Prisma Cloud from Palo Alto Networks sponsored this podcast.
Legacy on-premises security practices and processes cannot be directly transferred to cloud native security and management.
In this episode of The New Stack Makers podcast, Alex Williams, founder and publisher of The New Stack, hosts a roundtable with customers of IT security firm Palo Alto Networks who share their experiences and insights about cloud native security and other related topics. The guests are Brian Cababe, director of cybersecurity, architecture and governance for IT consultancy, Cognizant; Tyler Warren, director of Internet of Things security for commercial warehouse real estate provider, Prologis and Alex Jones, information security manager for security penetration testing firm Cobalt.io.
The shift to the cloud is certainly not easy. It requires a high level of expertise and significant investments in time. “I have seen companies get into a lot of issues when they just do a ‘lift and shift’ in the cloud for whatever reason,” said Warren. “If you are going that route, make sure your house is in order, because you’re going to replicate any issues you have on-prem in the cloud — and you’re going to make it more difficult and more complex once you’re in the cloud.”
Prisma Cloud delivers the industry’s broadest security and compliance coverage—for applications, data, and the entire cloud native technology stack—throughout the development lifecycle and across multi- and hybrid-cloud environments.
Some organizations may also not see the cost-savings and security benefits they might have imagined they would in the immediate future as they begin to make the shift to cloud native — but in the long term, the prospects for improving security and leveraging other opportunities are significant, Cababe said.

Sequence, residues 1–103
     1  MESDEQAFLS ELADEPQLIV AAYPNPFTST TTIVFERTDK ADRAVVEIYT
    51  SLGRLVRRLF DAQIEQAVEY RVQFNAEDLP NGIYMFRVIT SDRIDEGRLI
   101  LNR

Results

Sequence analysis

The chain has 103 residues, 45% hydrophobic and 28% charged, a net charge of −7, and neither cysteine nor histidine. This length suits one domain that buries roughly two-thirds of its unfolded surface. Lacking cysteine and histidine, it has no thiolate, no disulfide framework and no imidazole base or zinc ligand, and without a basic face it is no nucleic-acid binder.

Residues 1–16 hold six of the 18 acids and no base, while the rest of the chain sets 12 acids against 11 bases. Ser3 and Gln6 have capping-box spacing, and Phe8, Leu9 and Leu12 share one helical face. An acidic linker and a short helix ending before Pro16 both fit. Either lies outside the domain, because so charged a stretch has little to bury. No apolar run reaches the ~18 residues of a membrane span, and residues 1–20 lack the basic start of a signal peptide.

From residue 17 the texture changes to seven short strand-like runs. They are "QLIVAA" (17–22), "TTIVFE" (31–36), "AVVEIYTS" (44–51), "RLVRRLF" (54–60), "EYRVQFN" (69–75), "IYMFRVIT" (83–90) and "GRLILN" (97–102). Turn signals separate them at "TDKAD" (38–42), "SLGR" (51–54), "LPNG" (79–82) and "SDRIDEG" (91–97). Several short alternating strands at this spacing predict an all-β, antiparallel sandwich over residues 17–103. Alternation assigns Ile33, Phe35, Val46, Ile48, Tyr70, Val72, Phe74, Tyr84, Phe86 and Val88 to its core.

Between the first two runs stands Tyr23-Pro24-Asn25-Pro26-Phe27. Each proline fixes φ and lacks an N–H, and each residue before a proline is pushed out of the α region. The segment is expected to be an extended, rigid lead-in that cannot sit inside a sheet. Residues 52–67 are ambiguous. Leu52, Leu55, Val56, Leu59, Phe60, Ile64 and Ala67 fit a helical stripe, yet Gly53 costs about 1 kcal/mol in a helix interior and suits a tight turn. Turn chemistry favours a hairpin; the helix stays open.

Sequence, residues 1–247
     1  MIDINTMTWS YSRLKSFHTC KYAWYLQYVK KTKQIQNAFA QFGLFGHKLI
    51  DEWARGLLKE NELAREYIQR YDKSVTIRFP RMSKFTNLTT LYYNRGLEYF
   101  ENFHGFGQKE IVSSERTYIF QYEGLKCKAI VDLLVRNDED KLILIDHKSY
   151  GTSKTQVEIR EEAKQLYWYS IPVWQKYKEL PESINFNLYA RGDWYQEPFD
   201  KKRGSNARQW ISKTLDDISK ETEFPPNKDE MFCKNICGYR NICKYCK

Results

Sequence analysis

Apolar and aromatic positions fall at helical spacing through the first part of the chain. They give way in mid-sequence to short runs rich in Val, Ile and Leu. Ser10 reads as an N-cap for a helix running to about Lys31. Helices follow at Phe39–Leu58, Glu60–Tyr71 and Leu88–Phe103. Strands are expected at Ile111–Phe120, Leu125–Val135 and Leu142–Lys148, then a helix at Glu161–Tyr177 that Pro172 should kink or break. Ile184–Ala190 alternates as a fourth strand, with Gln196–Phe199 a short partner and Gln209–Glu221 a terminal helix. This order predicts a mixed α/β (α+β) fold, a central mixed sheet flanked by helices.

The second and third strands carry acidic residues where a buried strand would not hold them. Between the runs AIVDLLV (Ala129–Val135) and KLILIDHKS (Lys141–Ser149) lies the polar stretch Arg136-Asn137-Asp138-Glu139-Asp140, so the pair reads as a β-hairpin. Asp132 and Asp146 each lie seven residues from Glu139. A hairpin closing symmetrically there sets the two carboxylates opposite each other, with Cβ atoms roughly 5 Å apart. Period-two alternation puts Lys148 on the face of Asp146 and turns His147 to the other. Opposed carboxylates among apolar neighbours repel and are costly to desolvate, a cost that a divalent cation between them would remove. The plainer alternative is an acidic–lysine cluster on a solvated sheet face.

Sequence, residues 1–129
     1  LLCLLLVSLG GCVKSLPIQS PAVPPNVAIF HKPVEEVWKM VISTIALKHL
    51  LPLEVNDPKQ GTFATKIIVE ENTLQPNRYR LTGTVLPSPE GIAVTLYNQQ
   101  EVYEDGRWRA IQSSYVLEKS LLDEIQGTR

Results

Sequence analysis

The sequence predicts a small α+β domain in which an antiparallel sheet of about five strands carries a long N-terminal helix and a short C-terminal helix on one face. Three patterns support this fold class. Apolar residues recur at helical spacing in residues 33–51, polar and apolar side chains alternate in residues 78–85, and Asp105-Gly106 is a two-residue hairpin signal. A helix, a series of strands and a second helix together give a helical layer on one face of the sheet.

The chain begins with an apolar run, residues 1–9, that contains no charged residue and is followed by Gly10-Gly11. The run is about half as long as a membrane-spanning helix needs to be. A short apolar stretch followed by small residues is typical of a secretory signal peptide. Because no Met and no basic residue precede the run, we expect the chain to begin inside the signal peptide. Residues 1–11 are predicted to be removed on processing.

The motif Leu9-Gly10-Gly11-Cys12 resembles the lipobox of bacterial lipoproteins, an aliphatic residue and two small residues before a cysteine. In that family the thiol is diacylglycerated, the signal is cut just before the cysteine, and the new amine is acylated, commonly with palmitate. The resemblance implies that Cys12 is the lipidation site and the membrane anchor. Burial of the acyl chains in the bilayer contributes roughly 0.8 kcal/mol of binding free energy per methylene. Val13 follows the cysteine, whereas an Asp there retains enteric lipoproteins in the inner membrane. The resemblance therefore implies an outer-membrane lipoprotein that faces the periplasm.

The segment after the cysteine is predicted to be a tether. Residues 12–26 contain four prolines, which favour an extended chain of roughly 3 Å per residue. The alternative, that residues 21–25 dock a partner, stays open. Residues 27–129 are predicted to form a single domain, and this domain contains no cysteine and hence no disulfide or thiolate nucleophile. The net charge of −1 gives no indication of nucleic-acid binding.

“When you start to leverage a lot of the services in the cloud is when you really start to take advantage of the cost-savings opportunities — and there’s a lot you can do in the security space,” said Cababe. “It used to be that you had less visibility in the cloud. But now, I feel like there are a lot of tools available to provide more visibility to the extent that when I’m working on efforts that are on-prem, sometimes I’m frustrated with what I feel like I’m limited to as to what I can do in that environment.”
But while there are hundreds of cloud native security and other tools available today, organizations should also seek to reduce complexity when possible. “Security teams can run into problems where you have too many tools, too many blinking lights that are on-prem,” said Warren. “And you can have that problem in the cloud.”
Capping the number of security tools on which an organization’s DevOps relies is thus a sound policy. “I try to minimize the amount of tools, screens and alerts that you have,” said Warren. “And a lot of the security providers and vendors out there have those tools available, so they do touch many different clouds.